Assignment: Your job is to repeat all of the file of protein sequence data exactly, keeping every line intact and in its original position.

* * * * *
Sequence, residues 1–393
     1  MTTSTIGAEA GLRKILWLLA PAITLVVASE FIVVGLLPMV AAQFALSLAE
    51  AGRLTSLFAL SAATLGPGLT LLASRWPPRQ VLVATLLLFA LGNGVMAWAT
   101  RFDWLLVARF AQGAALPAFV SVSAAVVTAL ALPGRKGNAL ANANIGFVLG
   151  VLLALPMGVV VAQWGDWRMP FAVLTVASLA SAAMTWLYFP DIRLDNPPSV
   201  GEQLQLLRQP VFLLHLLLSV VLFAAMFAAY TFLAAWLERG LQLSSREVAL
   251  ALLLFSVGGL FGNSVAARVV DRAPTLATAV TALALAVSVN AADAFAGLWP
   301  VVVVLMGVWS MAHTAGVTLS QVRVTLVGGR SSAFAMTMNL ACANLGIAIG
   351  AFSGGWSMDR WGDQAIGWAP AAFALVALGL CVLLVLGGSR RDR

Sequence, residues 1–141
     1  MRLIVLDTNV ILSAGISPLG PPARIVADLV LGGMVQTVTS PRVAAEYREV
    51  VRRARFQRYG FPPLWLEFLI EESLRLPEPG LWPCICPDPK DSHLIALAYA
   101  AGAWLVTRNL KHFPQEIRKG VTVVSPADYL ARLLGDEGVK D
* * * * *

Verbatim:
Sequence, residues 1–393
     1  MTTSTIGAEA GLRKILWLLA PAITLVVASE FIVVGLLPMV AAQFALSLAE
    51  AGRLTSLFAL SAATLGPGLT LLASRWPPRQ VLVATLLLFA LGNGVMAWAT
   101  RFDWLLVARF AQGAALPAFV SVSAAVVTAL ALPGRKGNAL ANANIGFVLG
   151  VLLALPMGVV VAQWGDWRMP FAVLTVASLA SAAMTWLYFP DIRLDNPPSV
   201  GEQLQLLRQP VFLLHLLLSV VLFAAMFAAY TFLAAWLERG LQLSSREVAL
   251  ALLLFSVGGL FGNSVAARVV DRAPTLATAV TALALAVSVN AADAFAGLWP
   301  VVVVLMGVWS MAHTAGVTLS QVRVTLVGGR SSAFAMTMNL ACANLGIAIG
   351  AFSGGWSMDR WGDQAIGWAP AAFALVALGL CVLLVLGGSR RDR

Sequence, residues 1–141
     1  MRLIVLDTNV ILSAGISPLG PPARIVADLV LGGMVQTVTS PRVAAEYREV
    51  VRRARFQRYG FPPLWLEFLI EESLRLPEPG LWPCICPDPK DSHLIALAYA
   101  AGAWLVTRNL KHFPQEIRKG VTVVSPADYL ARLLGDEGVK D